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African Journal of Business Management Vol. 4(4), April 2010 Available online at http://www.academicjournals.

org/AJBM ISSN 1993-8233 2010 Academic Journals

Book Review

Macro-Econometric Model of a Developing Economy: A Case Study of Bangladesh

Publisher: Masud Al Mamun, Friends Publishers, Dhaka, Bangladesh, February, 2006 ISBN: 984-8491-09-0
Reviewer: Dr Victoria Wise, Deakin Business School, Australia. This book seeks to present a macro-econometric model of Bangladeshs developing economy across a 28 year period from 1975 to 2003. Two distinct periods are identified and examined: macro-economic policy under administrative control (1975-1990); and macro-economic policy under reform measures (1990-2003). The author argues that although the economic structural adjustment process was introduced in the 1980s, real financial liberalisation did not occur until 1990. The book is structured in six chapters. Each chapter addresses a separate issue and is logically presented. Chapter one provides an introduction to the economy of Bangladesh and the underlying study. A comprehensive and useful review of relevant literature has been compiled and is also presented in chapter one. The aim of this compilation is to identify possible determinants of the real, monetary and external economic sectors and any inter-relatedness between these sectors. The outcome is an extensive and relevant coverage of the pertinent literature which will undoubtedly prove useful to other researchers in this area. The author has subdivided the macro-economic sectors of Bangladeshs economy into three sectors: real; monetary; and external. These sectors are each dealt with separately in chapters two, three and four. In these three chapters, the econometric model is specified; the statistical approach is outlined and results are analysed; and a concise discussion is presented. Chapter two reveals that the use of fiscal policy is insufficient to fully control and improve the economic condition of the country. Chapter three reveals that monetary policy in isolation also is insufficient to fully control or improve Bangladeshs economic condition. Chapter four provides a discussion of the impact of the external sector on Bangladeshs economic condition and recognises the multi-flow effect of this sector on other sectors of the countrys economy. In chapter five, the author examines the nexus between the three economic sectors and argues for vertical and horizontal coordination between the sectors to reduce or eradicate demand and supply side problems detected in the study. Chapter six seeks to draw conclusions from the analysis presented in the previous chapters. Policy recommendations drawn from the analysis of study data and the relevant literature are also provided in chapter six. The findings presented in this book include that GDP is the main determining factor in the real economy of Bangladesh. The author concludes that neither the Keynesian nor the Monetarist view of the macroeconomic model is fully applicable to the case of Bangladesh. To attain sustainable development, a good coordination between fiscal and monetary policies is required so that reliance on the external sector is reduced, stability within the financial sector is enhanced and economic growth is accelerated. This book is the culmination of an exhaustive study of the effect of financial sector reform measures in the economy of Bangladesh. The planning and conduct of the research is appropriate. The output shows evidence of good research methodologies and technical adroitness. The review of literature is comprehensive. The book makes a valuable contribution to existing paradigms and practices in the economics literature. I recommend the book for economic policymakers as it provides a useful and current view of the outcomes of the structural reform process implemented in Bangladesh and suggests ways in which the economic model might be improved. The book is also of value to researchers as it provides empirical findings in a research context that is not yet significantly examined in the economics literature. It references and connects very well to the findings of other similar studies. While the reliability of the study data must be considered in light of the significant use made of secondary data sources, it nonetheless presents a rational, intellectually rigorous and thoughtful treatise on the impact of economic restructuring in a developing economy.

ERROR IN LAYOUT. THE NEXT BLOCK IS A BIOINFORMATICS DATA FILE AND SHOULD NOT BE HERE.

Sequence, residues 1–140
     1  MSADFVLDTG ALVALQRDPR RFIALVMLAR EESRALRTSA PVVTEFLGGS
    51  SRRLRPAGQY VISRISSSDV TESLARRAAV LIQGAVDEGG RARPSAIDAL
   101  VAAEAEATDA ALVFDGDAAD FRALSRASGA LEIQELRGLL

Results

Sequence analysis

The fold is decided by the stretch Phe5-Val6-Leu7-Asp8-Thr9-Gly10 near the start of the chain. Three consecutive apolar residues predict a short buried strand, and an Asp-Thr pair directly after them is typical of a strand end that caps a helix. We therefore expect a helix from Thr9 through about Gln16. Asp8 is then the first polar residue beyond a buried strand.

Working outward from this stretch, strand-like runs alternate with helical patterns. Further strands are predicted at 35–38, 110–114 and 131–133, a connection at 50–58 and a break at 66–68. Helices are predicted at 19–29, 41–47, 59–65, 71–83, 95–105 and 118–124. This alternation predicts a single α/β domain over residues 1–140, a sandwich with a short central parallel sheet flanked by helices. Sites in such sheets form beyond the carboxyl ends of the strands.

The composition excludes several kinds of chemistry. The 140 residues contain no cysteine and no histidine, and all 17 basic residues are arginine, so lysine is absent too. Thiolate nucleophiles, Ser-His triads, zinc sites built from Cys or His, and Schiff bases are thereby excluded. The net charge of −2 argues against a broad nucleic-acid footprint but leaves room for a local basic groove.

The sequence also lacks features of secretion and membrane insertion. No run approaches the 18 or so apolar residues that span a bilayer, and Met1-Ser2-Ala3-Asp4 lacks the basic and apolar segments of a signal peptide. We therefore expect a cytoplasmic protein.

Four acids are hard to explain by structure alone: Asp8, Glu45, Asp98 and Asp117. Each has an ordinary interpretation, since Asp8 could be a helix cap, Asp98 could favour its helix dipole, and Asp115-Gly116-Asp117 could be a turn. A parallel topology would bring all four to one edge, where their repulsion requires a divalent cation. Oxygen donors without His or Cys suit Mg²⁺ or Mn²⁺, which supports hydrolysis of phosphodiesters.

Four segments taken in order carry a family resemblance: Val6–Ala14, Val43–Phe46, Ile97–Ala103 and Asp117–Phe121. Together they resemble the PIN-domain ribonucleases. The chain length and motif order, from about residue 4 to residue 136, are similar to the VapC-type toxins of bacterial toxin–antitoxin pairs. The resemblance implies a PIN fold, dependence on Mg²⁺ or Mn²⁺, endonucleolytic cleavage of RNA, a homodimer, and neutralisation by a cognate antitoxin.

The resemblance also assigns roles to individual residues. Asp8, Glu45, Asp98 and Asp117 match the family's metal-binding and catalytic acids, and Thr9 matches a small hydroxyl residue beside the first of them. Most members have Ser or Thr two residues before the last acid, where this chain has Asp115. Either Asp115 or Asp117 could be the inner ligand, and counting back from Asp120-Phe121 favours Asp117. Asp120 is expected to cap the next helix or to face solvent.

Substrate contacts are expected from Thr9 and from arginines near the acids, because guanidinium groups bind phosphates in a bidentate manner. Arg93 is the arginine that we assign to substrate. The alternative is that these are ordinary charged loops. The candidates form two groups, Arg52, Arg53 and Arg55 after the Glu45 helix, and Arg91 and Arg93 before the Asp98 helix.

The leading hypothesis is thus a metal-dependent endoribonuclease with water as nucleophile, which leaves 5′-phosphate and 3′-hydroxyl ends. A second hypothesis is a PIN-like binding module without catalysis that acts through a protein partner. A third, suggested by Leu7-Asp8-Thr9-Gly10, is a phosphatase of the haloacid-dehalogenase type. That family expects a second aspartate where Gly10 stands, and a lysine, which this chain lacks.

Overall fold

Muhammad Mahboob Ali, Ph.d. Professor School of Business and Economics, Atish Dipankar University of Science and Technology Bangladesh